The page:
The game as a whole is a mixed bag. In the Zero Punctuation review, Yahtzee says he played for 2 hours before giving up, and you can kind of see why. Built in the Neverwinter Nights engine and released in 2007, the game is clumsy and overly complicated, at least by today's standards. Combat is a boring exercise in timed clicking combined with switching between fast and slow attacks. Grinding for experience isn't too onerous, but it is here. There are a fair number of fetch quests and a whole shitload of running around. Waiting for a period of time or mixing potions can only be done at a lit fireplace. Character models are reused so often than it is incredibly distracting.

If one can get past these things, The Witcher has some good payoffs, especially near the end of the game. Geralt's former predicament remains obscure, but the setup for the story to continue is there, and the interaction between the witcher and his former lovers and friends is provocative. The game dovetails into Witcher 2 in a fairly substantial way, one that isn't apparent until nearly the end.

Getting to the Good Stuff

It's hard to say if one could play Witcher 2 without having played the previous game. It jumps headlong into the action, with no drawn-out explanation of how Geralt finds himself where he does. Having saved King Foltest from a mysterious assassin's sword some months earlier, the witcher is kept on as the king's lucky charm as he puts down an uprising within his borders. Needless to say from the subtitle The Assassin of Kings, things don't work out so well, as another mysterious murderer finishes the job the first could not. Geralt goes on the lam with Triss after gaining the trust of Foltest's elite soldier Vernon Roche, seeking to clear his name and find the people responsible for the death.

Whereas the first outing was meandering, this game is drastically more focused. While not having quite the linearity of Uncharted, the game doesn't explode into a huge number of meaningless side quests. Subplots, where they exist, are given weight and nearly always include characters with some depth. Gone are the numerous meaningless sexual escapades, and in their place far more organic and singular experiences (at most three sexual encounters in a single playthrough). And we start (and finish) to unravel Geralt's lost memory, a block that I thought was unneeded in the first place. The gameplay itself is much more like a third-person action game, and it feels just fine with either mouse/keyboard or gamepad (I preferred and Xbox controller). Finally, visually the game is a treat, with wonderfully made character models, settings, environmental and lighting effects in a very good game engine.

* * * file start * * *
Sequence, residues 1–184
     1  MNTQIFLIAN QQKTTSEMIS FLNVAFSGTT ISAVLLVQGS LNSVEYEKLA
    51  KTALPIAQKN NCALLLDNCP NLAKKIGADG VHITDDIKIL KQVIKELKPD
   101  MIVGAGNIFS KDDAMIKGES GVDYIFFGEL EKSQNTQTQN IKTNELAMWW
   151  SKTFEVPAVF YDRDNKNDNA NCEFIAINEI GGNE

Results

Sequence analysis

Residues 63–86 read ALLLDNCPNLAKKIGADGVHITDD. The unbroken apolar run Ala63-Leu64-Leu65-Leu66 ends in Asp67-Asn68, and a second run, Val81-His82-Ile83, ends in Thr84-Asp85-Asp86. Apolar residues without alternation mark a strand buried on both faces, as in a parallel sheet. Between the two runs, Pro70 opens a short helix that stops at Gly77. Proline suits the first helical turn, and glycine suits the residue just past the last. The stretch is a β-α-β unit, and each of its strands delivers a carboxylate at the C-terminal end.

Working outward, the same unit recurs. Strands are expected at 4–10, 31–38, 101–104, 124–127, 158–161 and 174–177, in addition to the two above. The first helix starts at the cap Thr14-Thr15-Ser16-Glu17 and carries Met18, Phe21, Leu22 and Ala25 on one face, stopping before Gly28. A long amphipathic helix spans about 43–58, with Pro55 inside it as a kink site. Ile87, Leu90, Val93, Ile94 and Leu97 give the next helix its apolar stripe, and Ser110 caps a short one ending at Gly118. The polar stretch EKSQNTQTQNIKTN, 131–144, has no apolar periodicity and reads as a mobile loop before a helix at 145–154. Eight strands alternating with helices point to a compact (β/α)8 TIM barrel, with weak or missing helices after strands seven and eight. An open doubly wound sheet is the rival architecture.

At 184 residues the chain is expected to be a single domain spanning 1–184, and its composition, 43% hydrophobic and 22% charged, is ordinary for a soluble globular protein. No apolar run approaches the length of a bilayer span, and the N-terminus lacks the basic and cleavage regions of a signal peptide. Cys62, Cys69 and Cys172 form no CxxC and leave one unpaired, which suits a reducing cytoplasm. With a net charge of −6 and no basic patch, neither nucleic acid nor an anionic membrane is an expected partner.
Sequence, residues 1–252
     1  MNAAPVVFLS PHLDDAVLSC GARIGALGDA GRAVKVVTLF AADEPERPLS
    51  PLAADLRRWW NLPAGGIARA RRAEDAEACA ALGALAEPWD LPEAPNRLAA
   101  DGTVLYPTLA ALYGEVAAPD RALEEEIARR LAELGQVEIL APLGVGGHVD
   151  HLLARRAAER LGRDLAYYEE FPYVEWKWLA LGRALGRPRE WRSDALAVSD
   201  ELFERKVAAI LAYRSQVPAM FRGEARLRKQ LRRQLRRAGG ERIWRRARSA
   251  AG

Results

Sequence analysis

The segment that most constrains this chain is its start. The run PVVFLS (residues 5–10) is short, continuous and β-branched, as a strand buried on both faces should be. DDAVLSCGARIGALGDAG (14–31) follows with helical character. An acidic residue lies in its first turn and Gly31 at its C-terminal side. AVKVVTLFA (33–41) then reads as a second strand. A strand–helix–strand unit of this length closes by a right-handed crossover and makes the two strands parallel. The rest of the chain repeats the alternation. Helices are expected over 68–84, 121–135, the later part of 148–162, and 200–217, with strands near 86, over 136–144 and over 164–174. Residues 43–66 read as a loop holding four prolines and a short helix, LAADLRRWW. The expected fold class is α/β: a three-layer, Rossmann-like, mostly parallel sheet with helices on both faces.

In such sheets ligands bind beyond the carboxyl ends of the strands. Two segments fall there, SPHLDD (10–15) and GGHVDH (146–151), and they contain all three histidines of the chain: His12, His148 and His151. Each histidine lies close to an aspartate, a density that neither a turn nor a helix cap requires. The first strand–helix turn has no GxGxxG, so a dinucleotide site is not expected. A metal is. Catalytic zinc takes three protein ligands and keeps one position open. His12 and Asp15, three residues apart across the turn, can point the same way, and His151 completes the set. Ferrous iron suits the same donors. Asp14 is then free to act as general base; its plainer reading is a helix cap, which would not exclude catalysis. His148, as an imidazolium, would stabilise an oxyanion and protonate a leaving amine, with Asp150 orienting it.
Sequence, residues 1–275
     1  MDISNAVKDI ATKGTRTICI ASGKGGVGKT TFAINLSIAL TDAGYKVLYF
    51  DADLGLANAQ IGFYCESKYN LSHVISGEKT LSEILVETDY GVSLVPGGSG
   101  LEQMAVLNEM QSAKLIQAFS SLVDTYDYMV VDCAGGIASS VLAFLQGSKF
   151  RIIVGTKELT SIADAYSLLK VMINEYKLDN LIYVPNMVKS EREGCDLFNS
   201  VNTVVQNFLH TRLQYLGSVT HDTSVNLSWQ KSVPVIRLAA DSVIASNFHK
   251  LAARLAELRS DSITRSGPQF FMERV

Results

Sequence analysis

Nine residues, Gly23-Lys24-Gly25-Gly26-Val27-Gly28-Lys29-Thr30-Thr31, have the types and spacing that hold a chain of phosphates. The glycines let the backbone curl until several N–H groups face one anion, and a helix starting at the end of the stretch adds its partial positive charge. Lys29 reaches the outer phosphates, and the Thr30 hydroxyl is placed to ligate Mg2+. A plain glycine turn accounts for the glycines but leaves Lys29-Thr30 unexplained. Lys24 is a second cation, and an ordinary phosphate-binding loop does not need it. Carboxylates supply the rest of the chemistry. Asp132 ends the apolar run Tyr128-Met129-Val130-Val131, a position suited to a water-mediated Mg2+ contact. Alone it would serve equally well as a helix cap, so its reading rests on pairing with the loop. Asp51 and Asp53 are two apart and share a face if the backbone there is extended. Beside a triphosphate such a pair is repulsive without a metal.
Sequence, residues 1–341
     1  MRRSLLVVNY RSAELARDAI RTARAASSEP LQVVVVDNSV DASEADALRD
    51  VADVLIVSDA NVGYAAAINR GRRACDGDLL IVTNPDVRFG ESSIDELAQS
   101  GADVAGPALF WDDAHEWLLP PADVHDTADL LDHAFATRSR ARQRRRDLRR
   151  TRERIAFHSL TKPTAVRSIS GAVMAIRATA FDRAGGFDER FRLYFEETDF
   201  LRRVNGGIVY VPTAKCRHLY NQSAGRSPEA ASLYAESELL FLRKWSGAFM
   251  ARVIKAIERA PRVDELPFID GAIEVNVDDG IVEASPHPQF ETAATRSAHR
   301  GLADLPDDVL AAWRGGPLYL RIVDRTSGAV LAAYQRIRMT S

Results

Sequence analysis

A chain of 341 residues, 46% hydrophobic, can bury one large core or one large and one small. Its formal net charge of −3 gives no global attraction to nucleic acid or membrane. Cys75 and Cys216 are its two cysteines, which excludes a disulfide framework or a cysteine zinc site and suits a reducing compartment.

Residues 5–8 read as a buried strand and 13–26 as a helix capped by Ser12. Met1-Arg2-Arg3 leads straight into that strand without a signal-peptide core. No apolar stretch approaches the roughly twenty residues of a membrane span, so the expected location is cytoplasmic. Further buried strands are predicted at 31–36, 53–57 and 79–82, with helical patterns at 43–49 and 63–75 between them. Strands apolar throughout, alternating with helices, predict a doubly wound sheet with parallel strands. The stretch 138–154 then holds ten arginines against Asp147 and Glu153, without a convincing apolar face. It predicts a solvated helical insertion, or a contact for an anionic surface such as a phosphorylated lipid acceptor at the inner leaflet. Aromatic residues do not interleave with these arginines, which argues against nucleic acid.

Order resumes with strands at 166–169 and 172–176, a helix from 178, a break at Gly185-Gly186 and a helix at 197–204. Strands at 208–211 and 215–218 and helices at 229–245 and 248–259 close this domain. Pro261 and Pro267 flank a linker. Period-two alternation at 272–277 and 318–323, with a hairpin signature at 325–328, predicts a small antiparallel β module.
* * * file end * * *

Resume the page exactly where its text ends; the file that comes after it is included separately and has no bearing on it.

One of the amazing things about it is that Witcher 2 is practically two games in one, something I didn't initially note. I mentioned earlier that Geralt pairs up with Vernon Roche, but he does so after Roche had him imprisoned and beaten for several days. A short time into their adventure, a choice can be made to stick with Roche or split and join with the Scoia'tael leader Iorveth, as angry and dickish an elf as you're likely to meet. This choice can be rationalized either way. When I first played the game, I stayed with Roche, as he had let me out of jail, trusted that I wasn't the killer and was helping clear my name. Going back for a second playthrough, it was equally easy to side with Iorveth, as although he tried to kill me, he hadn't tortured me for several days in a dungeon.

It was during the second playthrough that I realized that nothing was the same. The plot of the second chapter isn't just told from a slightly different perspective or with one or two details changed---it consists of entirely different events and largely in a different setting. And both are interesting! Some of this divergence is retained in the third chapter, though the two paths join in most substantive ways by the end.

Triss Merigold, entirely clothed.

The writing is actually quite good. I don't know that I think the dialog is quite on the level of Uncharted, but Triss Merigold and Geralt are both well acted and believably written, as is the "villain" and many of the supporting cast. Triss is much more the focus of this game than the last, in terms of technical achievement (her naked body was on the cover of the Polish version of Playboy, and no I will not link to it from my site, but it clearly was the product of a lot of work) and character development. One moment early in the game where she teases Geralt about an ill-advised tattoo had me genuinely charmed. Seeing how this relationship stands up (supposing you want it to) in the face of Geralt's returning memory is intriguing, and I thought that could have used more screen time.

Witcher 2 feels like grown-up fantasy. It's got grit without feeling affected, it has honest moments without getting melodramatic, and it offers choices that both feel and are narratively substantial. The side quests are fun and interesting, there's no god damned grinding. It has charm, humor, and it's inventive. I loved every minute of both times I played it.